History > 2009 > UK > Faith (I)
Church of England
attempts to broaden appeal
with songs by U2 and prayers for Google
Christian services that feature DJs,
songs of the Irish band U2
and prayers for the chief executives of Google and Wal-Mart
are being promoted
by the Church of England.
The Daily Telegraph
Published: 9:00PM BST 13 Jun 2009
By Jonathan Wynne-Jones,
Religious Affairs Correspondent
The ideas for alternative-style worship are part of an initiative
launched by Dr Rowan Williams, the Archbishop of Canterbury, to appeal to the
They are set out in a new book compiled by the Church's Fresh Expressions
programme, which aims to boost church attendance with more relevant and exciting
However, traditionalists have criticised the unorthodox services
as "pointless" and "shallow", and have warned that experimenting with Church
tradition would do more harm than good.
One Holy Communion service promoted in the book, called Ancient Faith, Future
Mission, begins with the congregation being shown a video clip from the YouTube
website about a United Nations anti-poverty campaign.
Worshippers are told that "our planet is messed up" and that "things are not
They are then asked to approach the altar and rub sea salt on their fingers to
represent tears, before walking around and meditating at eight "prayer stations"
representing themes such as "gender equality" and "environmental
A psalm is recited in "beat poetry" style to the accompaniment of African Djembe
drums, and prayers are said "for the corporate world, for influential CEOs who
oversee billion-dollar industries".
The prayers continue: "We pray for John Chambers of Cisco Systems, Bill Gates of
Microsoft, Dr Eric Schmidt of Google Inc, H Lee Scott Jr of Wal-Mart Stores and
others who have already made commitments to justice."
Among the alternative services explored in the book, which is co-edited by the
Rt Rev Steven Croft, the new Bishop of Sheffield, are so-called "U2charists",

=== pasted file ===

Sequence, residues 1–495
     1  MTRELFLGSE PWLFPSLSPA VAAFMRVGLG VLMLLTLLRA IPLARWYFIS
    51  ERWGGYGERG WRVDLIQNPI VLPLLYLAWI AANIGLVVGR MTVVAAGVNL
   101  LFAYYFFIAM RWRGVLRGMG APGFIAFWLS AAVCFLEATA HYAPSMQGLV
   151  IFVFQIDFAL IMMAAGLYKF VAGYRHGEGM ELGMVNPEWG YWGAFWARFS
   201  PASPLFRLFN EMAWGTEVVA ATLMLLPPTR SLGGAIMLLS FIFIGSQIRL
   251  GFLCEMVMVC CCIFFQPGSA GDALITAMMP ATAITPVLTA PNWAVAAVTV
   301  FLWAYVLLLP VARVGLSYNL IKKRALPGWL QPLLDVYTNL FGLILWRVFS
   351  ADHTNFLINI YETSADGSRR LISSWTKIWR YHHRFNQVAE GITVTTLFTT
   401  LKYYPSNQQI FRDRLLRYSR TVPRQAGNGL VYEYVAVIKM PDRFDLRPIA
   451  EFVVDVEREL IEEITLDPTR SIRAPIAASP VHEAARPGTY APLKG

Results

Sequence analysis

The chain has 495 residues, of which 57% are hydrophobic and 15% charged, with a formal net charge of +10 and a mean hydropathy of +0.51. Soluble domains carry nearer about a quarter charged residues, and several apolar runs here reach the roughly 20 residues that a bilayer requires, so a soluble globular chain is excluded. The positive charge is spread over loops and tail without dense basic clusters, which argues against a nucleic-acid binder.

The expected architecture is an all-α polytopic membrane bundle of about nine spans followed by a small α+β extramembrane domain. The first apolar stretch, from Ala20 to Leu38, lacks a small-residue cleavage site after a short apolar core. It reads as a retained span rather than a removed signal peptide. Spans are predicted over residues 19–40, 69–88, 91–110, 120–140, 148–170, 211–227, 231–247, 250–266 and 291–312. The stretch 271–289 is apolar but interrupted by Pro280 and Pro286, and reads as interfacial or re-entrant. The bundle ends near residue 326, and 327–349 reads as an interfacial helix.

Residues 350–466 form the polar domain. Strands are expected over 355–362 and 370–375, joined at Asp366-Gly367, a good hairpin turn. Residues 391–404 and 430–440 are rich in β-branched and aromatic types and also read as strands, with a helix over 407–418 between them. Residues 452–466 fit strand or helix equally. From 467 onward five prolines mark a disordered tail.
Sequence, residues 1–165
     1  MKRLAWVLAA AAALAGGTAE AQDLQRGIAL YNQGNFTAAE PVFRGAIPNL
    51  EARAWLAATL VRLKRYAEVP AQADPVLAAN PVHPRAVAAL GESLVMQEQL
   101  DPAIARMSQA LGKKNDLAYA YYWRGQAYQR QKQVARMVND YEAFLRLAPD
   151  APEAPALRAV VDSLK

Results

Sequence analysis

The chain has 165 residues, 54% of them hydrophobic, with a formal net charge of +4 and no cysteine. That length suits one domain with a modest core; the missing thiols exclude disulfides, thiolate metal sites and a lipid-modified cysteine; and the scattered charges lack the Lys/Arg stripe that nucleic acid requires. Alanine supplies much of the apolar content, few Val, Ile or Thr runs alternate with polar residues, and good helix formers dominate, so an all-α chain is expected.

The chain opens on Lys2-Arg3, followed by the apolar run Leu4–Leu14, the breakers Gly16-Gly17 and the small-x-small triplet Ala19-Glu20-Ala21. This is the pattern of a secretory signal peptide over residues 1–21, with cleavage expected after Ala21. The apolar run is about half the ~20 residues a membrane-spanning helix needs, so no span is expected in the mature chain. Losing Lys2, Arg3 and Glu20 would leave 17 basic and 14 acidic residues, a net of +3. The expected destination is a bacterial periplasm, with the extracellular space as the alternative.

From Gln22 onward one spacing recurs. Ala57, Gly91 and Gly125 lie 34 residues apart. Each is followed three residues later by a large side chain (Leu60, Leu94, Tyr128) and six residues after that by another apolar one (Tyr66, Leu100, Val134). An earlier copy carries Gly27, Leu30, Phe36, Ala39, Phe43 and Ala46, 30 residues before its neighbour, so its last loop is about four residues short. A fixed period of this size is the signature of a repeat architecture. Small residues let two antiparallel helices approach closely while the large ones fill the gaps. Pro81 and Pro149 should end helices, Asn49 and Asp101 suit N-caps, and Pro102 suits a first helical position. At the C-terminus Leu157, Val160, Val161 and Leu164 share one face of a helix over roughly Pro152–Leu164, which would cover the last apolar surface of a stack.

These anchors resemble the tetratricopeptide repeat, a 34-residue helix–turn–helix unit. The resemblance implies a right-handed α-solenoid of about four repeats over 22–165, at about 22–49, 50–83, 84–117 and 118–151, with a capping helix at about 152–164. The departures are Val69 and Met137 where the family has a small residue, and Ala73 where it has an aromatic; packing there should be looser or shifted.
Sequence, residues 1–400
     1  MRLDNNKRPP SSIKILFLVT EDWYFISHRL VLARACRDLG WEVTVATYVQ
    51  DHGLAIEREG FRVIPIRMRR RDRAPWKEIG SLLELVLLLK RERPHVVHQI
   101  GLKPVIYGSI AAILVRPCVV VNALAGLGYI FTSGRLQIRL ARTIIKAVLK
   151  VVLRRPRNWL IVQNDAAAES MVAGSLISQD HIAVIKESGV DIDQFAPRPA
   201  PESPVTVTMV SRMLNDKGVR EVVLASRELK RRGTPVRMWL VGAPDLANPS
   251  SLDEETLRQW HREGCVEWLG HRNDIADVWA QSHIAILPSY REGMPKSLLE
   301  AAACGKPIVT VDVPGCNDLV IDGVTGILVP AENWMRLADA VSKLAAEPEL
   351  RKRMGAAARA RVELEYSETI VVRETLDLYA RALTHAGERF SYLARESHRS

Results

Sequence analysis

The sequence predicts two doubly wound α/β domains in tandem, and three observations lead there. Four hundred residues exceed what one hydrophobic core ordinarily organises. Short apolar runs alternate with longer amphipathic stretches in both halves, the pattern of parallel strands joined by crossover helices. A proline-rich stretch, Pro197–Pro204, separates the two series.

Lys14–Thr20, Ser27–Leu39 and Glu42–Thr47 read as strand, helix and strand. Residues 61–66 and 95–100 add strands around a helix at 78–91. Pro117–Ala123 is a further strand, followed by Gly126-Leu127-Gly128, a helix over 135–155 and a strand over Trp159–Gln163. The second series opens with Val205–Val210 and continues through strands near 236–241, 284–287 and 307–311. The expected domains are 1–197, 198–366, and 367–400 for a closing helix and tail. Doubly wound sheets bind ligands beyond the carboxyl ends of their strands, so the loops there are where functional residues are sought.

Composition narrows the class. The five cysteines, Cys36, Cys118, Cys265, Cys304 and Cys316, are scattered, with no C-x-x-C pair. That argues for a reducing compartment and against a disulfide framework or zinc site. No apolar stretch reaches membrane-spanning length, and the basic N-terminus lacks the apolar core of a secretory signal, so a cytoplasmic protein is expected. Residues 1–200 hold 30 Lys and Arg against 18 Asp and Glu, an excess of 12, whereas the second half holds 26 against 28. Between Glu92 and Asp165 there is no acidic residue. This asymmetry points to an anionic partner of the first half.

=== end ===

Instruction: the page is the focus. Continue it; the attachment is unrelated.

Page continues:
services in which the congregation receives communion but sings the songs of the
Irish rock band U2 instead of traditional hymns.
The services, which include such songs as "Mysterious Ways", "One", and "I Still
Haven't Found What I'm Looking For", have been pioneered at St Swithin's church
The book also features Transcendence, an event held in York Minister in which
traditional Latin chant is set by DJs to hip hop or ambient dance music and
video images are projected onto the walls.
The Rev Sue Wallace, who has pioneered the event by blending modern technology
with ancient prayers, says that the response has been overwhelmingly positive.
Many of the services promoted in the book feature physical activity and symbols
alongside traditional sermons.
In chapter of the book, Archbishop Williams says: "The Bible is full of stories
about God communicating through act and sign as well as language ... Far from
being bound to communication through clear information economically expressed in
words, our society is still deeply sensitive to symbols and inclined to express
important feelings and perceptions in this way."
The Fresh Expressions initiative was launched by the Archbishop in 2004 to
combat the significant drop in churchgoing that has been seen in Britian over
recent decades. In the past few years the decline appears to have steadied.
Church leaders are particularly concerned about the loss of younger people, who
are abandoning the pews at a greater rate than their older counterparts.
The Rt Rev Graham Cray, who heads the Fresh Expressions initiative, said that it
was vital that the Church explored new ways of engaging with modern culture.
"We have to reconnect with a very large percentage of the population that has no
contact or interest in traditional church," he said.
"It is important to offer spirituality to people who are offered a multi-choice
lifestyle and who think that the last place they'll find it is in church."
He said that the new services were carefully designed for specific communities
and stressed they was not supposed to challenge traditional worship.
However, the Rev David Houlding, prebendary at St Paul's Cathedral, bemoaned the
Church's attempt to widen its appeal.
"All this is tosh. It's just a passing fad, irrelevant, shallow and pointless,"
"There's no depth to it and it's embarrassing because it'll make people think
that we're eccentric and silly."
The Fresh Expressions initiative has spawned churches for surfers as well as
commissioning priests to work in night clubs and skateboard parks.
Church of England
attempts to broaden appeal
with songs by U2 and prayers for Google, DTel,